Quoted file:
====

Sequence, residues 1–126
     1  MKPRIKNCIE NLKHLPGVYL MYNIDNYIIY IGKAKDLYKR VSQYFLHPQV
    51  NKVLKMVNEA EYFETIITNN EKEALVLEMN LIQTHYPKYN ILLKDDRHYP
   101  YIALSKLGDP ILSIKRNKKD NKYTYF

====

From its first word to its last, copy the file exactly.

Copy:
Sequence, residues 1–126
     1  MKPRIKNCIE NLKHLPGVYL MYNIDNYIIY IGKAKDLYKR VSQYFLHPQV
    51  NKVLKMVNEA EYFETIITNN EKEALVLEMN LIQTHYPKYN ILLKDDRHYP
   101  YIALSKLGDP ILSIKRNKKD NKYTYF